Congratulations to two faculty members from the School of Science who have been recognized by the National Natural Science Foundation of China (NSFC)! Prof. Zhigang BAO, Associate Professor in the Department of Mathematics, and Prof. Ding HE, Assistant Professor in the Department of Ocean Science, both named NSFC Excellent Young Scientists (Hong Kong and Macau), have received a funding of RMB 2,000,000 to support their scientific research projects for a period of 3 years. Only 25 projects across Hong Kong and Macau have been awarded this highly competitive fund this year.
Prof. Zhigang BAO has been awarded with his research project titled “Random Matrix Theory and its applications in Statistics”. It focuses on studying the spectral theory of large dimensional random matrices. It would investigate the limiting behavior of eigenvalues and eigenvectors of random matrix models arising from free probability, disordered quantum system, and multivariate statistics.
Prof. BAO’s research:
Prof. Ding HE has been awarded with his research project titled “Organic Geochemistry of Estuaries and Coasts”. Estuaries and coasts, linking land and ocean, play a critical role in global carbon cycle, but traditional methods cannot resolve the carbon source/sink processes. Based on molecular biomarkers, stable isotopes, ultra-high resolution mass spectrometry, and big-data techniques, Prof. HE focuses on the organic carbon (OC) cycling in estuaries and coasts. In particular, he determined the OC sources, biogeochemical processes, and the underlying controlling factors during the Anthropocene and published over 50 manuscripts in international journals. With support of the fund, Prof. HE and his group members aim to reveal the OC burial process, carbon sequestration capacity and control factors from the molecular level, serving the national and Hong Kong government’s carbon peak, and carbon neutral policy needs.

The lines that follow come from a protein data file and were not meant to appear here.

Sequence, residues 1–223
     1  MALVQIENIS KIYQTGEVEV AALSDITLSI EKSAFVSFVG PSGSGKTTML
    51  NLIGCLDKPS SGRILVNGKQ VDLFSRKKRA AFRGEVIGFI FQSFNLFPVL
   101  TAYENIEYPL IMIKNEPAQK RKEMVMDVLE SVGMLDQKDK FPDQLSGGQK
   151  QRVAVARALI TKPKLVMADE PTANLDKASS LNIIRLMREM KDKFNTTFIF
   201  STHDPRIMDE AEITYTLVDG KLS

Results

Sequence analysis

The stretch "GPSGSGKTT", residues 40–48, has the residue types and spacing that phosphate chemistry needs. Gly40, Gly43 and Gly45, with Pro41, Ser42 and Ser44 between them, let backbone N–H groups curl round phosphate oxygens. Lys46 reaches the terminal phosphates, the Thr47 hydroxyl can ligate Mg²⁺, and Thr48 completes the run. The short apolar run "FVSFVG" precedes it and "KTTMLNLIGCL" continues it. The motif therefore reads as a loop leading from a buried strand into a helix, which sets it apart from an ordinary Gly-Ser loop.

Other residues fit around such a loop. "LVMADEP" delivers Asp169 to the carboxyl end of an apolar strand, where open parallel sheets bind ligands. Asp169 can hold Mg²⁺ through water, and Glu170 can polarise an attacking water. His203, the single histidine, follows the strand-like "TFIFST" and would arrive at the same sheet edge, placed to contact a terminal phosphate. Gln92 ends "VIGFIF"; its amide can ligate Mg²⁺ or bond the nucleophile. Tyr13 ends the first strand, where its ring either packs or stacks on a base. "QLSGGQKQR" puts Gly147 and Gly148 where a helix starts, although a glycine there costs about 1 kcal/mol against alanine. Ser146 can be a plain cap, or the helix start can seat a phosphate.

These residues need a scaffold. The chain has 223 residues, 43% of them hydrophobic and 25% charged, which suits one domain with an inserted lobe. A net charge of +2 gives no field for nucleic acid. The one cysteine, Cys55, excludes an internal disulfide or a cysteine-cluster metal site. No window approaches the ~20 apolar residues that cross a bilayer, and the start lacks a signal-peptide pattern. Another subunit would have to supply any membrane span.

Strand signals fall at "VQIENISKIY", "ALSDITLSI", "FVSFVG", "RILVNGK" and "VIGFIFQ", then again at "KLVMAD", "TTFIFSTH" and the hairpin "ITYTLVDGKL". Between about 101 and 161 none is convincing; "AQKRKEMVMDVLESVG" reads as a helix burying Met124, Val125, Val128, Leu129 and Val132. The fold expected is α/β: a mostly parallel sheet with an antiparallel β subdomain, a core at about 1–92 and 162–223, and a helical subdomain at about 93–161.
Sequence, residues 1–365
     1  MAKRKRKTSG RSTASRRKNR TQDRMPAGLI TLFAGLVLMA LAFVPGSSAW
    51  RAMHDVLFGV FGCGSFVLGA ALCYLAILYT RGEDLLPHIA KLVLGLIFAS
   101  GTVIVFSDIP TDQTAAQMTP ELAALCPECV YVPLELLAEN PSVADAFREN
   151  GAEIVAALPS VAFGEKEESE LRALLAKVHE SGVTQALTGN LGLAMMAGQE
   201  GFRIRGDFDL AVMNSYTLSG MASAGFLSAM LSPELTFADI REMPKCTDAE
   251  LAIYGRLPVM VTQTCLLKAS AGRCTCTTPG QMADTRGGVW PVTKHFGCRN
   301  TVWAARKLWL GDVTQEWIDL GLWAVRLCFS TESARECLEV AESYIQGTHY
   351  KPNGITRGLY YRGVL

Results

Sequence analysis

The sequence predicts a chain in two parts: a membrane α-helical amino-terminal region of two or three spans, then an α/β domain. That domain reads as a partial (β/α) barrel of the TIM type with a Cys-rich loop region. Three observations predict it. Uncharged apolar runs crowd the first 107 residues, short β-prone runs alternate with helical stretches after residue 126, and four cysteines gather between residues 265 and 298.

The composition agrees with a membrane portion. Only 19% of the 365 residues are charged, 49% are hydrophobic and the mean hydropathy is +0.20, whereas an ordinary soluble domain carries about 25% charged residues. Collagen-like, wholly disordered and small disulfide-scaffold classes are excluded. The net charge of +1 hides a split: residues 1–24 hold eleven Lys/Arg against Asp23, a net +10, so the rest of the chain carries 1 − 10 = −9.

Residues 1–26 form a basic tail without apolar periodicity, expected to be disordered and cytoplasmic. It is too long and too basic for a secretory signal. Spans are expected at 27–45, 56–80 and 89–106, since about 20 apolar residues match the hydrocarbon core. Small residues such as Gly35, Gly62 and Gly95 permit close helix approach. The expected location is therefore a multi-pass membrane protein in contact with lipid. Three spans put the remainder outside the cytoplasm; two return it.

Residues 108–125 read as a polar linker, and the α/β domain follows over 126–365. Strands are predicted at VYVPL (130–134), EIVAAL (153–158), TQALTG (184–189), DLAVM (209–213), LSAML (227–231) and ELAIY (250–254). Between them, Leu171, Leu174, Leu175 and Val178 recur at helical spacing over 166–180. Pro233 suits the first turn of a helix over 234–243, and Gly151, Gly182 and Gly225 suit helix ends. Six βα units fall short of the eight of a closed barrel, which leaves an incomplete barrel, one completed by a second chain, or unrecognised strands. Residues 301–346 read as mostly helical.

To our best knowledge, Prof. HE is the first awardee of this fund in the field of Oceanography (especially in Chemical Oceanography) in Hong Kong and Macau.
The organic carbon cycling in estuaries and coasts (partially reorganized from Bauer et al., 2013)
The DREAM (Data-driven Research for Exploring Aquatic geocheMisty) group in Department of Ocean Science, HKUST (www.helabhkust.com)
Prof. Haipeng LU, Assistant Professor in the Department of Chemistry has been awarded the 2022 National Natural Science Foundation of China (NSFC) Young Scientists Fund. This prestigious fund offers support to young academics and encourages them to focus on a self-chosen area for basic research. It helps foster the young scholars with outstanding achievement on the international science frontiers.